During my travels in Telangana, I happened to visit a Special Economic Zone that has displaced about 1,000 people. Their lands, abutting a national highway, were taken away by the government for sums ranging from Rs 18,000 to Rs 60,000 per acre. As construction began, the same farmers turned into coolies working for daily wages of Rs 100, carrying brick and sand on the same land they had once tilled. As the chief minister turned up to inaugurate a company’s unit, police fenced off the village to keep the oustees at bay lest they create trouble. It reminded me of the Indo-Pak border.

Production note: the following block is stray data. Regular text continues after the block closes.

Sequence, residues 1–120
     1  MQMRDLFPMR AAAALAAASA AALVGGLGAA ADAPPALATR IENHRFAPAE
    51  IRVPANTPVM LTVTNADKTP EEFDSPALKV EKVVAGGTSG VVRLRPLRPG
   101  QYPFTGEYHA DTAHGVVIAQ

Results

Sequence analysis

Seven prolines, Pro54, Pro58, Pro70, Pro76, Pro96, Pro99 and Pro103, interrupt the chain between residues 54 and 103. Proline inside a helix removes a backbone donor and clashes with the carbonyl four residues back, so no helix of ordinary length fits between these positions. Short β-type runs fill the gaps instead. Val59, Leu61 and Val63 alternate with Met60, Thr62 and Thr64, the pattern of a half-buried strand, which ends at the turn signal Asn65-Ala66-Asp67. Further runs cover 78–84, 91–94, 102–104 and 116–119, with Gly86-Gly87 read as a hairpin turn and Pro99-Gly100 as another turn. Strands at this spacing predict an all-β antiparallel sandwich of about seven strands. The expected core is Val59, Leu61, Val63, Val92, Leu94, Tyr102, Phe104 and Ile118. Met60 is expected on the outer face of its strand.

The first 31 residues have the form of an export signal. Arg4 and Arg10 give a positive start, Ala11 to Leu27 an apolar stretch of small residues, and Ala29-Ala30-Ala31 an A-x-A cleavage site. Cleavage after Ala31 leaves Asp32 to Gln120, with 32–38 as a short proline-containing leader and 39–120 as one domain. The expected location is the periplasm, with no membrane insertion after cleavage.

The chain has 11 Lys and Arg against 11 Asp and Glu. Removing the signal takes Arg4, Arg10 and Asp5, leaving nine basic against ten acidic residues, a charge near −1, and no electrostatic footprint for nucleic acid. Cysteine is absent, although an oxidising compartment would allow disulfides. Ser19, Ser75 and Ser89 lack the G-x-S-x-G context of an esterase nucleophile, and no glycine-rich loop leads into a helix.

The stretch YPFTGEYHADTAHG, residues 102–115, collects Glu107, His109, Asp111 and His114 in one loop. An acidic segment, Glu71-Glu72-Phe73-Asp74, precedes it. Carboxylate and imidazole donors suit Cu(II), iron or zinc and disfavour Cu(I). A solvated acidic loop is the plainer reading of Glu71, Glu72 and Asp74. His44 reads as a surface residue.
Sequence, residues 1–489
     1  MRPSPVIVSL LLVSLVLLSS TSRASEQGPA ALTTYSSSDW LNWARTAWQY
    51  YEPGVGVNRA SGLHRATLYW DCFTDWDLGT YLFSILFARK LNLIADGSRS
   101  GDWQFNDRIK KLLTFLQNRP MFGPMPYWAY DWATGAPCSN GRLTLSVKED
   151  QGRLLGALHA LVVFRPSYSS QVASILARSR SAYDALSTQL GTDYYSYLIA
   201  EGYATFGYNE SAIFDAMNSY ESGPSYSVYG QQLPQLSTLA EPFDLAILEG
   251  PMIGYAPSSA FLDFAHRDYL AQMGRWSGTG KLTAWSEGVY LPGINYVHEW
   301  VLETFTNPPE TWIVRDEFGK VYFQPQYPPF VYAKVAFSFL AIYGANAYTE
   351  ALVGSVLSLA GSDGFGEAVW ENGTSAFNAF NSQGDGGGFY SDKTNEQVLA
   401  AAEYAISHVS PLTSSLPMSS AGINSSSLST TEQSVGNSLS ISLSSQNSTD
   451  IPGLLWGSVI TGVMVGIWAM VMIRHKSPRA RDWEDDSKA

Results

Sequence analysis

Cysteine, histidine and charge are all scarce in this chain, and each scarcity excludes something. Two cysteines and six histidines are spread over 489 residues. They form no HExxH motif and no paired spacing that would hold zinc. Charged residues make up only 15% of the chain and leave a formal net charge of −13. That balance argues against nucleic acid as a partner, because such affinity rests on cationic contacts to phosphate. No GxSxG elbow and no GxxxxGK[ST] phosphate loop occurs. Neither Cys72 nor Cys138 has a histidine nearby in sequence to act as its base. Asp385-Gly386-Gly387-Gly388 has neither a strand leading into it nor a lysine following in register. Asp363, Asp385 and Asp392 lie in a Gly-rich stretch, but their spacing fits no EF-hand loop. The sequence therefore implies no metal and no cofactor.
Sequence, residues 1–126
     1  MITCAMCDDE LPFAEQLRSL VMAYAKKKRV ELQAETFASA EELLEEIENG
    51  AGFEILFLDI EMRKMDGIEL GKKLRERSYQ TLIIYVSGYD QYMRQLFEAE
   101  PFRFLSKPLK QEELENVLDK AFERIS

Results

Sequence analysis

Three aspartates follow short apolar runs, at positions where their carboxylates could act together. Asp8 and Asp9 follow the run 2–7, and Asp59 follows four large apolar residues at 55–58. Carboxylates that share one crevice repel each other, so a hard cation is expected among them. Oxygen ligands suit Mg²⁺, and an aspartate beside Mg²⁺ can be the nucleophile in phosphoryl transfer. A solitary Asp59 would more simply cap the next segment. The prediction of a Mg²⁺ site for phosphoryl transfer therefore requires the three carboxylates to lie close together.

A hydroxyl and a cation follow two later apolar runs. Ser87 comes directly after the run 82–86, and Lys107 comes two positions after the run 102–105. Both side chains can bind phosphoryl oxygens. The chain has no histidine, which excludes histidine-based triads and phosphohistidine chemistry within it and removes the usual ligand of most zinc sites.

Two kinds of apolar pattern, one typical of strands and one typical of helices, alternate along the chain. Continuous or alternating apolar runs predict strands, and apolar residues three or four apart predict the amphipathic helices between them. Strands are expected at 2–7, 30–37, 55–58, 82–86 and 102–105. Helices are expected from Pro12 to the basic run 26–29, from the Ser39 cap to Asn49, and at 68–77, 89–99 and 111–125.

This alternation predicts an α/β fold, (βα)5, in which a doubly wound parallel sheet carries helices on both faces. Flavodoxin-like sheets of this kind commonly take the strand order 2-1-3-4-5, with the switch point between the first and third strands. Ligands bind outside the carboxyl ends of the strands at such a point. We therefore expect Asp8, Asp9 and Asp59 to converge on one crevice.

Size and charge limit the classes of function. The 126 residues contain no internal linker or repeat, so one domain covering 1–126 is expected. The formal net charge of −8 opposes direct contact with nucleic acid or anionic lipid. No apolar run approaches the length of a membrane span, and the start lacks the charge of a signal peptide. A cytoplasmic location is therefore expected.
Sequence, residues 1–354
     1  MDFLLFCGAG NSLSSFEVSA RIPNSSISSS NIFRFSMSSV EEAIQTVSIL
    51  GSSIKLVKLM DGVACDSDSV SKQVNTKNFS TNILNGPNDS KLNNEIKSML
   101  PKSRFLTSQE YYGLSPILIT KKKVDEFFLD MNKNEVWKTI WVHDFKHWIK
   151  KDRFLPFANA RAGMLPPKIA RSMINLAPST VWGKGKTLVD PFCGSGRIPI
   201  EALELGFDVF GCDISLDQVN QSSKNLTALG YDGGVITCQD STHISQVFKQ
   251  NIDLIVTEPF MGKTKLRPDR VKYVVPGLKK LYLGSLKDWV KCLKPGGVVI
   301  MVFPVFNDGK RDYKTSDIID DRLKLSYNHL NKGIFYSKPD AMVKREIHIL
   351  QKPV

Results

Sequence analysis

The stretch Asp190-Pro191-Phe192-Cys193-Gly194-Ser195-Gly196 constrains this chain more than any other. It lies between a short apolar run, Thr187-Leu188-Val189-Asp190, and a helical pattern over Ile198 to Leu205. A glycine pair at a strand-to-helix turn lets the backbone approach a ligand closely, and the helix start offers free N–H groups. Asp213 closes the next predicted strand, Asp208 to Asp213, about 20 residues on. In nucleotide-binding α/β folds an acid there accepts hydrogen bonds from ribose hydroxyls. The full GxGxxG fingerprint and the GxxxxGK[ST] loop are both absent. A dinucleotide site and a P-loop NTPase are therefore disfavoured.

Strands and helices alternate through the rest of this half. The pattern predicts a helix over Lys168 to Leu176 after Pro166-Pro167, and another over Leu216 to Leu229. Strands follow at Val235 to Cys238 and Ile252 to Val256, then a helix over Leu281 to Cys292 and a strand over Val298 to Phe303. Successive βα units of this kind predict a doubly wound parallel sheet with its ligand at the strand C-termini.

In another district, another company has been given close to 10,000 acres for an SEZ. All that the farmers got was around Rs 50,000 per acre while the SEZ promoter is now said to be quoting Rs 50 lakh per acre to those intending to set up a unit there. In the Agency areas of Visakhapatnam district, a government enterprise took up the responsibility of mining bauxite and handing over the ore to a foreign company for smelting because the law prevents private firms from exploiting natural resources in tribal areas. This is a Machiavellian way to circumvent the Constitution and the protection it offers to people who are vulnerable to exploitation. Most of the companies favoured with such SEZs have, as a quid pro quo, invested hundreds of crores in business ventures in which the powers-that-be have an interest. Who is to remind our rulers of the oath they take when they assume office that they will bear ‘true faith and allegiance to the Constitution’ and work ‘without fear or favour, affection or ill will’? And, tomorrow, if all those affected by these projects become Maoists, who are we to blame?